Video games made their first appearance in the early 1970s. But despite their prevalence in Western society, and a thriving translation supply chain, they have not been as pervasive throughout the world as one may believe. Limitations to the growth of the video gaming population have been around for as long as video games have existed, but largely those barriers are being gradually broken throughout the world. Obstacles which still exist include household income, availability of electricity, access to modern technology, geographic location, as well as linguistic and cultural relevance.
One group that has been partially inaccessible to “Western” gamers and gaming companies up until recently is the population of China. The potential of the Chinese as consumers in almost any market is outstanding, which is why the Chinese government’s 2015 lifting of the ban on video game consoles is so intoxicating to non-domestic gaming companies. Many companies will now have a chance to reach the largest population in the world, but while the need for translation may be self-evident, the question is how these companies can accomplish tapping into this market successfully.
Video gaming in China
China is already a flourishing market for gaming, with players from all walks of life, and games spanning all possible platforms. In 2016, Newzoo, a global market research firm, ranked China as the world’s largest market for video games, with total gaming industry revenue of approximately US$24.4 billion, surpassing the USA and enjoying annual growth of 15%.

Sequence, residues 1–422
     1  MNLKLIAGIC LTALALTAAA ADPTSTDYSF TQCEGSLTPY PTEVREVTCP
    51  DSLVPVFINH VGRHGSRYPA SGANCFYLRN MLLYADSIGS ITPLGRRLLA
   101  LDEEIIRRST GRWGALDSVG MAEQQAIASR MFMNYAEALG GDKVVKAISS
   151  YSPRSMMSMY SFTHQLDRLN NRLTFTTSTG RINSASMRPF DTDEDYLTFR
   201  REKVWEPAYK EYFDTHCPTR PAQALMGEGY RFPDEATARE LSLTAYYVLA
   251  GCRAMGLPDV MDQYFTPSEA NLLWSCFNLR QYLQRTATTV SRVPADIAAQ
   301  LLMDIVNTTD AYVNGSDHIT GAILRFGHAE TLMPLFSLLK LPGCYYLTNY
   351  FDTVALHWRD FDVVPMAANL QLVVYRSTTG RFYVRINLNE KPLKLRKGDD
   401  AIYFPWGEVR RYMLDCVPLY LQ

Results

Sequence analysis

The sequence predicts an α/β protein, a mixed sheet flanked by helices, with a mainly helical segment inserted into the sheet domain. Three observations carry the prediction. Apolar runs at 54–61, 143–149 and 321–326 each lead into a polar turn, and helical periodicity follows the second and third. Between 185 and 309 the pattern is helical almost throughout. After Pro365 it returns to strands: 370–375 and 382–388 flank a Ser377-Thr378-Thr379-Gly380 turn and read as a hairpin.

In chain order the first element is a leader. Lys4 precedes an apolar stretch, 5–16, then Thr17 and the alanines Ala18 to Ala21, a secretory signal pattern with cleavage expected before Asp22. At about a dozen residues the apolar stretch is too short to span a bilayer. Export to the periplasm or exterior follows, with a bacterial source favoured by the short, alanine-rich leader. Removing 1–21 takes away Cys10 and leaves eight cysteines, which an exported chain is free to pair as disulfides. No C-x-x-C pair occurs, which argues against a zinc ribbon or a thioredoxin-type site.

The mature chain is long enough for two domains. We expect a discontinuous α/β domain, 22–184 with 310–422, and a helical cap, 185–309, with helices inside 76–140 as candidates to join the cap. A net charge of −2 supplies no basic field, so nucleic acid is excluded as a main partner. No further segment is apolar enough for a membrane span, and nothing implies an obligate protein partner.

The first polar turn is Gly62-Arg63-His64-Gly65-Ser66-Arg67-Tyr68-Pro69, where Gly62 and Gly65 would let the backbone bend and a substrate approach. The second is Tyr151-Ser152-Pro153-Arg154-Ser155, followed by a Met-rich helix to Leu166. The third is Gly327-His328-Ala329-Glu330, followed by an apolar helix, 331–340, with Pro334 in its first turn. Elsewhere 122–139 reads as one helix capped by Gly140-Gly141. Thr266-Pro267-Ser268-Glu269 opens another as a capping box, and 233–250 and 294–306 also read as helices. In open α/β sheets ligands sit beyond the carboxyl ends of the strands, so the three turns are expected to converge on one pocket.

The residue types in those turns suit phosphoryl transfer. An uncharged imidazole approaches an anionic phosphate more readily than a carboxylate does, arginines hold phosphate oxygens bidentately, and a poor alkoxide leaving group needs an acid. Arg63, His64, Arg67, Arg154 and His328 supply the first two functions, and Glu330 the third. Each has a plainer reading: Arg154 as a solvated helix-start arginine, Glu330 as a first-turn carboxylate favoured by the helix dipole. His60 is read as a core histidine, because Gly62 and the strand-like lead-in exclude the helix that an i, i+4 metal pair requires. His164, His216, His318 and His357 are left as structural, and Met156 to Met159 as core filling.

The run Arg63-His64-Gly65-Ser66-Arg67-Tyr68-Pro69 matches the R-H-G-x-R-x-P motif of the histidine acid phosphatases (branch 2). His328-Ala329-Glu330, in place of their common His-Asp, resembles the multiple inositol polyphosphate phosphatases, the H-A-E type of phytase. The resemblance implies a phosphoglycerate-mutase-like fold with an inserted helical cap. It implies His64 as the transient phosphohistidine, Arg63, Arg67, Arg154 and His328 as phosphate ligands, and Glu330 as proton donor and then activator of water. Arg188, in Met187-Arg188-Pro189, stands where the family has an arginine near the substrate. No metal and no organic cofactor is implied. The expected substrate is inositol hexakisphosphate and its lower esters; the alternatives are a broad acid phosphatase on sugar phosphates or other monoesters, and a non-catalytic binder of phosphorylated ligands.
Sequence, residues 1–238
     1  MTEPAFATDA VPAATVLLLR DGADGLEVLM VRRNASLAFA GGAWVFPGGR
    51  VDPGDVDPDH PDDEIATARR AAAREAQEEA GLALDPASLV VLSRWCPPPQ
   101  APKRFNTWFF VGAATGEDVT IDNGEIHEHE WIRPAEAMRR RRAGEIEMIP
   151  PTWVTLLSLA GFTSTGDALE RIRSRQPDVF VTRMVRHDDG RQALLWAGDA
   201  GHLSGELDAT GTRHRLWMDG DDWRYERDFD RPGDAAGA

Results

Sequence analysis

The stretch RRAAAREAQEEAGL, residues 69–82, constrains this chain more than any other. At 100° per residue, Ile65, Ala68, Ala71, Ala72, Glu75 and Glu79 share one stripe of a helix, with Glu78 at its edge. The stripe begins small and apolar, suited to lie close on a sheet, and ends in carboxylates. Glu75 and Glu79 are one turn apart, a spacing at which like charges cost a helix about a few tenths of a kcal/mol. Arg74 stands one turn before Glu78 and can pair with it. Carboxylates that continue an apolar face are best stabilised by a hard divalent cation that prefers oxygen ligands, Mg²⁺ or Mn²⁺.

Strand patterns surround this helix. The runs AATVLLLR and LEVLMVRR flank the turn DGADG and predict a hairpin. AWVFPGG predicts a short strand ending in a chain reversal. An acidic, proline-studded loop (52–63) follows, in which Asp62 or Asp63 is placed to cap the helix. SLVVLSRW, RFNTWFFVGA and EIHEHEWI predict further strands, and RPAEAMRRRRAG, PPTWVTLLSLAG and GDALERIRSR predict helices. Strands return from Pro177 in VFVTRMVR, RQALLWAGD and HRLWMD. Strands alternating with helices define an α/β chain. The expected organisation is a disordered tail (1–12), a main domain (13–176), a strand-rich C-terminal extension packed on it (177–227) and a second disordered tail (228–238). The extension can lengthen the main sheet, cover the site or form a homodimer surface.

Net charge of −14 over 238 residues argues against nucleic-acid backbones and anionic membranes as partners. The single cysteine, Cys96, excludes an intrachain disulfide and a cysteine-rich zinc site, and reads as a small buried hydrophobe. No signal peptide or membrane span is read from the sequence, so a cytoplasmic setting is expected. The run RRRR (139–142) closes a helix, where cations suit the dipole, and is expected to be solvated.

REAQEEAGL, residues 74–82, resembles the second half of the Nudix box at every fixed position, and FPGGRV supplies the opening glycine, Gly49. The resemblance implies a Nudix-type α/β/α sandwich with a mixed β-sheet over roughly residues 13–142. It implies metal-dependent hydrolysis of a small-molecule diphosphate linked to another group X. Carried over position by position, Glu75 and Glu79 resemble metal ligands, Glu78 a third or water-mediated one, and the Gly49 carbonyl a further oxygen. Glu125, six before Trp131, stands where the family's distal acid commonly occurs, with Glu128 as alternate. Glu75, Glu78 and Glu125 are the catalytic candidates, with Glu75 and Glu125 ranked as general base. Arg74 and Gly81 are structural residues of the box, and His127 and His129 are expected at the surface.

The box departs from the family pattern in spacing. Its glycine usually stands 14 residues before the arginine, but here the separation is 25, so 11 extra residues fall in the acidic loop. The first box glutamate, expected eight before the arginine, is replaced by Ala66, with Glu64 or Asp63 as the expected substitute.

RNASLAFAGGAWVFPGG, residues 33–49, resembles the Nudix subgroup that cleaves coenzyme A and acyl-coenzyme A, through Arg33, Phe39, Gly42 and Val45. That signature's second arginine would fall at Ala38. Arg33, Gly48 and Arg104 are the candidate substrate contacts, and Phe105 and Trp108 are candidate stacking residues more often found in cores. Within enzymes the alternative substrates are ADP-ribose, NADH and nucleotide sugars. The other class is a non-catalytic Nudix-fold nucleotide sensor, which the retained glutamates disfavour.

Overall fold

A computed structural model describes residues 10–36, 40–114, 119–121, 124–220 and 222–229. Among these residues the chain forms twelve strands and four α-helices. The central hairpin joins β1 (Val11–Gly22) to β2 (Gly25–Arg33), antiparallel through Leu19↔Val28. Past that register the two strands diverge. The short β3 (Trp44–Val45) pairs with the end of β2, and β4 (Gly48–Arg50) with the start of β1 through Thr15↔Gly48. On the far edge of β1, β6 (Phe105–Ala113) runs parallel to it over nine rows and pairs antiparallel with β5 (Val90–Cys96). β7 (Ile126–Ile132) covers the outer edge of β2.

According to many video gaming and marketing bloggers both inside and outside of China, while the target audience of video games is currently hardcore gamers, it is shifting from adolescent and young adult men to include women and older audiences. Along with this shift, the government’s support of the gaming industry and modernisation are ensuring that age, education level and socioeconomic status no longer play such a prominent role in determining the target audience for video games.
How China’s gaming population might change
Factors contributing to the expansion of China’s gaming population include the growth of the middle class and the rise of technology.
The rise of the middle class obviously means more disposable income, which has granted many people the means to become gamers. PCs are the main platform for gamers in China, and ‘pocket money’ is a necessity to purchase games and a computer, or to rent a computer at one of China’s many Internet cafes – or wangba (网吧), as they are called in Chinese.
The rise of technology has also contributed to video gaming in China by making gaming more accessible to players through Internet cafes, and the personal acquisition of PCs, mobile phones, tablets and, more recently, gaming consoles. One additional factor is the two-child policy, enacted at the beginning of 2016. Effects on the gaming industry brought about by the enactment of this policy will have to wait to be seen. It seems likely to offset the current demographic shift of an aging population, increasing the potential population of adolescent gamers. Coupled with the fact that a proportion of the current generation of gamers will continue gaming through middle-age, this suggests that demographics will boost the market further.